J.’s debit card has a limit on how many transactions he can use it for in a day, so he often kicks it like it’s 1993 and writes checks for things. This isn’t normally a problem, but it is at Target, where their third-party check verification service, Certegy, is incorrectly convinced that he’s been writing bad checks. Fine, he dealt with Certegy, but still can’t write checks. Why? Target’s internal check verification department says so. He won’t be able to pay that way until he has a history of successful check writing at Target. What’s wrong with this picture? [More]
It seemed reasonable enough to Mark: his local Target gave out more tickets to purchase 16 GB iPads than they had iPads, and he was the last person to reserve a ticket. The store had plenty of 64 GB models left, though, but Mark didn’t want to pay that much and tried to leverage the situation into a discount on one of those. Some employees agreed that the company should make this happen, and others claimed that it wasn’t physically possible. Mark began a quest to get his promised discount, but it looks like he’ll be running Flash on his iPad before that ever happens. [More]
We’ve known for a long time now that Target has a very loose grip on reality. Here are three more pieces of evidence that the discounter just isn’t in the same reality as the rest of us. [More]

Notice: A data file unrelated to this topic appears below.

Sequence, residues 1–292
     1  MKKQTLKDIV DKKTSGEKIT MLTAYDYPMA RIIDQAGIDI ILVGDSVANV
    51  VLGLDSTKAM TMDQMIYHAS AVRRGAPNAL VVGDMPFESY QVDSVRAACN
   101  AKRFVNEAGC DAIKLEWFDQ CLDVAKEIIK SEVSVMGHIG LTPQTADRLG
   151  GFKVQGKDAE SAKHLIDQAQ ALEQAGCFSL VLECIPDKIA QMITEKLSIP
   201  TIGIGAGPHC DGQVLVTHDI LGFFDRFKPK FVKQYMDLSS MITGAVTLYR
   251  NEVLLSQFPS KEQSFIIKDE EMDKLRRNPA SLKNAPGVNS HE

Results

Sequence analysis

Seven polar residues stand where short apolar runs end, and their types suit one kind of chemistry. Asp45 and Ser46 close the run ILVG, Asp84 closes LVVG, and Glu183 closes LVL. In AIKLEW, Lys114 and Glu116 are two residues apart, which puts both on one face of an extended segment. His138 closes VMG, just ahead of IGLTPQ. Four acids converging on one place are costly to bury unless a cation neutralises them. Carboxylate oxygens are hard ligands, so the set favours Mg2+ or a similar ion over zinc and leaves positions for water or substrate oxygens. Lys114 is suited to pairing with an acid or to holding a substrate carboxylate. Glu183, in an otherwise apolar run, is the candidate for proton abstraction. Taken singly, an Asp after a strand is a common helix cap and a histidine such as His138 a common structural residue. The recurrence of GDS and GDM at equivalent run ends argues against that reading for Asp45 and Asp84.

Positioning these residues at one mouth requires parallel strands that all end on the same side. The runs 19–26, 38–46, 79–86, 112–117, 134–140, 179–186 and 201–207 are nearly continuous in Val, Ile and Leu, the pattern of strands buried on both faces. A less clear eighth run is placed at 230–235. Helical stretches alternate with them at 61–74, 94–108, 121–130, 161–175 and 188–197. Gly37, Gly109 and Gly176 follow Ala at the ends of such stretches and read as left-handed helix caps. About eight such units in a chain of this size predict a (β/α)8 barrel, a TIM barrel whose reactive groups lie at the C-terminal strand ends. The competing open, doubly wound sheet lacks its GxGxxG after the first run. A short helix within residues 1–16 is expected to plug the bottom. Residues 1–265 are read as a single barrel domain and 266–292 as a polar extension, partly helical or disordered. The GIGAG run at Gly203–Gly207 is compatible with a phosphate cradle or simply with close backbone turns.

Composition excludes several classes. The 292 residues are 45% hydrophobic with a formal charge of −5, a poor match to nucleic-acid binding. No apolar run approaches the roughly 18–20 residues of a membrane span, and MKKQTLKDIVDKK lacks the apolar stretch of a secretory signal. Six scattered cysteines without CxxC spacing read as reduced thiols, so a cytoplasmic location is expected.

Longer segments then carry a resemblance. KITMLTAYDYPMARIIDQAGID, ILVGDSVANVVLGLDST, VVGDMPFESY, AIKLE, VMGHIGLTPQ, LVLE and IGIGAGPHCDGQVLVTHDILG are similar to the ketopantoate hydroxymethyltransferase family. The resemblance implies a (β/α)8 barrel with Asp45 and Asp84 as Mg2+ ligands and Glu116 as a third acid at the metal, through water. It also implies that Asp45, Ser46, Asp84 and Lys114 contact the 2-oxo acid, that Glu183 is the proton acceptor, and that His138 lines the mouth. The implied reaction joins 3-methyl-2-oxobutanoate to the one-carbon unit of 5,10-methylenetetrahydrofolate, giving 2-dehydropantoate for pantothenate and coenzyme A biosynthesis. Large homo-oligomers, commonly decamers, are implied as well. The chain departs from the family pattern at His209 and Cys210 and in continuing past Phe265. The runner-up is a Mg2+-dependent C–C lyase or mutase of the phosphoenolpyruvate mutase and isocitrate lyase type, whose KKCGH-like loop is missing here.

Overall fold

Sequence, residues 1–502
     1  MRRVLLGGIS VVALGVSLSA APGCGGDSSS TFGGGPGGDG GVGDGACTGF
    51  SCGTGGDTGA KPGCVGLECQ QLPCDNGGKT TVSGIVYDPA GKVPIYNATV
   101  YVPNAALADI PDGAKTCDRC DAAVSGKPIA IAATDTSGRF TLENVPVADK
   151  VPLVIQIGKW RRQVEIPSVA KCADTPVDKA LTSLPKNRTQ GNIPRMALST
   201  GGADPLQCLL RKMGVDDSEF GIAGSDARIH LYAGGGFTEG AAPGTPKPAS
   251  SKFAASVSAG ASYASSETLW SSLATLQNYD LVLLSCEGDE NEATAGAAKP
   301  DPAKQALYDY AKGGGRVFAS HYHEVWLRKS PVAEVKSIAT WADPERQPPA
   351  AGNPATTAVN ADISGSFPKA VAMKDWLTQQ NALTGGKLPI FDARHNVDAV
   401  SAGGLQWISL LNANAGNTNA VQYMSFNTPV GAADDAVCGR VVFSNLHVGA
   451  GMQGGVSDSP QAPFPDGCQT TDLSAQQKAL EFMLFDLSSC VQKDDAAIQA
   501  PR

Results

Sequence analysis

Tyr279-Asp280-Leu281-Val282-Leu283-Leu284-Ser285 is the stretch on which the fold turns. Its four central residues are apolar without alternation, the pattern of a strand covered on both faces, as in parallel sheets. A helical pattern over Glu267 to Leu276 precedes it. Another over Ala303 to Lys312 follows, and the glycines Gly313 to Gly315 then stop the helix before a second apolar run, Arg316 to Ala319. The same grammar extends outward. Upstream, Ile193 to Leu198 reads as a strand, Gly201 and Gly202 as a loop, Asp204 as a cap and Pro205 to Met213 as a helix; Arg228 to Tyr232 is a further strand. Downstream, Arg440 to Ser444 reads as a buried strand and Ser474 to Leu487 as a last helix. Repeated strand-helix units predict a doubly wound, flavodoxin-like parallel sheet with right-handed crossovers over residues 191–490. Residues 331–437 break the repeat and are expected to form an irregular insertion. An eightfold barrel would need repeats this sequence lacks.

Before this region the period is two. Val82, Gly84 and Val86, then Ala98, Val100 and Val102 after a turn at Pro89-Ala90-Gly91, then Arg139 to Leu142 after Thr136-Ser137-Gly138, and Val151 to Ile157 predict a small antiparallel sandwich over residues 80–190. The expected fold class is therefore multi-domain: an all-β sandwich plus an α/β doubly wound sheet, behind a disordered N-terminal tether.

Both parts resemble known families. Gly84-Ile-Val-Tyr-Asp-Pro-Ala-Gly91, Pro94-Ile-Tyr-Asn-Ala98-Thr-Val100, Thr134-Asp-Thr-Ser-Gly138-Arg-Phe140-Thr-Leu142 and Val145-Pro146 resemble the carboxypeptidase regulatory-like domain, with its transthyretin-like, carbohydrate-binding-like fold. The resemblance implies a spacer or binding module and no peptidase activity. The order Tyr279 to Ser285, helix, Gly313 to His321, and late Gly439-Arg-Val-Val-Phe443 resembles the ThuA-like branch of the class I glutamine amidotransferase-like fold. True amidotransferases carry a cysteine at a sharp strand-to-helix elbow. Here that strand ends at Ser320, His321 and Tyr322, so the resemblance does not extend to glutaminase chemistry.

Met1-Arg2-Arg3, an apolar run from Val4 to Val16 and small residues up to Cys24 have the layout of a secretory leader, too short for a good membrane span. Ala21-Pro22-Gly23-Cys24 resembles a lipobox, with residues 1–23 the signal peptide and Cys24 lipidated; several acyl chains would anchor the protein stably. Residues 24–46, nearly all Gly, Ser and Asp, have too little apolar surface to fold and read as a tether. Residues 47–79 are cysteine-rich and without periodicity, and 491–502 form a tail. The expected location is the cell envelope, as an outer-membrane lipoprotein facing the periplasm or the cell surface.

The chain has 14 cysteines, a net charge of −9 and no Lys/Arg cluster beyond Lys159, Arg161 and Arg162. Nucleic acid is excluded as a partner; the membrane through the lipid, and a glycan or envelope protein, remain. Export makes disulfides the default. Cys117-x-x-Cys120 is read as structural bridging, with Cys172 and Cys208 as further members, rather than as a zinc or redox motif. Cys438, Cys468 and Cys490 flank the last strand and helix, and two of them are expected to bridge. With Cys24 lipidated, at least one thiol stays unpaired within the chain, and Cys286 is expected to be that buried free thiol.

Aaron discovered this item in the Halloween costume department of his local Target. It is supposed to create the illusion of a wound beneath your clothing. On the shelf, it looks like… um. [More]
Parents will gladly pay extra for baby shampoo that won’t sting their little ones’ eyes or send them to the hospital when they inevitably gulp some of it, but Target is stretching the boundaries beyond reason with this out-of-control markup for this product. [More]
So, um, how many bottles do I have to buy to get that $5 giftcard, Target? Is it 2? Or 5? Or maybe 2? I think I need to lie down.
Hmmm, what should one do if Target is out of scales?
Consumerist readers are on to you, Target. After reading the site for awhile, people are moving the sale cards over to see what the price used to be before it went “on sale.” [More]
Reader Sarah was shopping for some diapers when she noticed something strange about Target’s pricing. Yes, the well-documented insanity continues in the diaper aisle… [More]
These Target substitution cards are introducing an entirely new genre of in-store comedy into my otherwise sad and dull life. [More]
Target loves to keep you on your toes. Which is the better deal? 110 wipes for $4.79 or 80 wipes for $4.79?
One problem I’ve always had when shopping for jacked-up prices is I can’t find enough crazy to go along with it. Same thing for the crazy: I know where to go to get cart-loads of that, but I can’t find the 2400% markup! What I need, clearly, is for Radio Shack to open up specialty kiosks inside Target stores, so then— oh hey! It’s the Bullseye Mobile Solution!